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Bears might benefit from others’ scrambling when free agency hits

Cornerback Nnamdi Asomugh(21) will have plenty suitors but teams thfail lhim will have scramble.  |  EzrShaw~Getty Images

Cornerback Nnamdi Asomugha (21) will have plenty of suitors, but the teams that fail to land him will have to scramble. | Ezra Shaw~Getty Images

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Updated: October 29, 2011 12:36AM

Forget about private planes, tours of training facilities and patiently surveying your options. Unlike past seasons, free agents and their representatives will have to make quick decisions when the free-agent signing period opens, which likely will be Friday or Saturday now that a deal between NFL players and owners appears imminent.

Instead of teams trying to court free agents like the Bears did with prized defensive end Julius Peppers last year — with coach Lovie Smith flying to Charlotte, N.C., for a midnight meeting and Smith and Peppers flying back to Chicago to tour Halas Hall — this year’s process will be more like speed-dating for the vast majority of players.

Players who would’ve had days to decide their futures during a normal year may only have minutes once the frantic free-agent signing period begins.

‘‘It’s going to be a lot different from the perspective of not having a lot of time,’’ said Chicago-based agent Mark Bartelstein, who represents Bears center Olin Kreutz. ‘‘Obviously, in the past, high-end players would visit four or five teams. There won’t be time for that. It’s going to be very condensed and intense with a lot of very quick decisions being made by players and teams.’’

The Bears are expected to be active, but they’re not expected to make the splash they did last year when they signed Peppers, running back Chester Taylor and tight end Brandon Manumaleuna on the first day of free agency. That could give them an advantage in signing lower-tier free agents.

Teams in the market for a cornerback will be more willing to make a prolonged pitch for Nnamdi Asomugha, the Oakland Raiders free agent who’s considered the best available. If three teams are making a play for Asomugha, for example, the two that lose out might find the other cornerbacks on their lists have signed elsewhere before they can implement a backup plan.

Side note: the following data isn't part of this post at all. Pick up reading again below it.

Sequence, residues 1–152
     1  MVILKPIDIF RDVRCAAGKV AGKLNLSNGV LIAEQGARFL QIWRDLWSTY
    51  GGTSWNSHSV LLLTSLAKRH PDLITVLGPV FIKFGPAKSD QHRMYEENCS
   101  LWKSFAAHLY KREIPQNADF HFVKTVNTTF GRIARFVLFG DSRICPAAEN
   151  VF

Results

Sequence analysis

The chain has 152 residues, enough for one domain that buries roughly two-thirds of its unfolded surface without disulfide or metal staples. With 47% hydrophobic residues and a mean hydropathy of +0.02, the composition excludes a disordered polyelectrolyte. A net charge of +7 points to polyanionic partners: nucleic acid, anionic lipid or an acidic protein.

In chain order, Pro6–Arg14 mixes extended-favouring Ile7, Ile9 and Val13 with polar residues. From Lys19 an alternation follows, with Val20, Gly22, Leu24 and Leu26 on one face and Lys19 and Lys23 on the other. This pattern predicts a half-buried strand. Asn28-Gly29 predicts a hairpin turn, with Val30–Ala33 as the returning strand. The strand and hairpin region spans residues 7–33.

‘‘It depends on priority,” Bartelstein said. ‘‘If you really want the player, you’re not going to give him 10 or 15 minutes. If you think he’s easily replaceable, you won’t give him as much time.”

What some now call ‘‘preparation’’ would have been considered ‘‘tampering’’ in previous years. Even though teams will have a chance to re-sign their own free agents first, nothing is expected to prohibit teams from contacting unrestricted free agents to gauge their interest during the window when teams have exclusive rights to sign their own free agents.

‘‘There’s no way these guys aren’t talking to agents,’’ former longtime NFL scout Dave Razzano said. ‘‘There are going to be behind-the-scenes agreements. No way there is not. I don’t care what anybody says, guys have been talking. You’re going to see guys signed and sealed as soon as this is ratified. You can’t prove it’s going on, but you know it’s going on.’’

In this case, you can’t blame general managers or agents for trying to find out as much as they can before the bell rings. Agents wouldn’t be doing their jobs if they didn’t know which teams were interested in their clients. How can an agent accept an offer from one team if he doesn’t know what other teams are willing to pay?

‘‘I have to answer this the politically correct way,’’ Bartelstein said when asked if agents have talked to teams during the lockout. ‘‘Let’s just say you have to know the market going in.’’

Given the expected chaos, don’t be surprised if teams are more willing to sign their own free agents than they might be in a normal year. If a GM has a free agent he considers a 7 on a scale of 1 to 10, for example, he might be more likely to re-sign that player even if an upgrade is available. Because the most cohesive teams are expected to have an advantage, it’s sensible to bring back players who know their coaches, teammates and systems. A team is going to better understand a player’s medical history if its medical staff is familiar with him. Sometimes the known is better than the unknown — especially heading into a season when so much is unknown.

‘‘I think you’ll see that,’’ former Bears general manager Jerry Vainisi said. ‘‘They’re going to want to get their teams together quickly, and they’re going to want guys familiar with their system.’’

For teams and players, it comes down to doing your homework. Just like it is during the season, preparation will be the key, even if it’s preparing for the unprecedented.

‘‘If you’re prepared, the decision won’t be that tough,’’ Bartelstein said. ‘‘If you’re not prepared, it will be tough.’’

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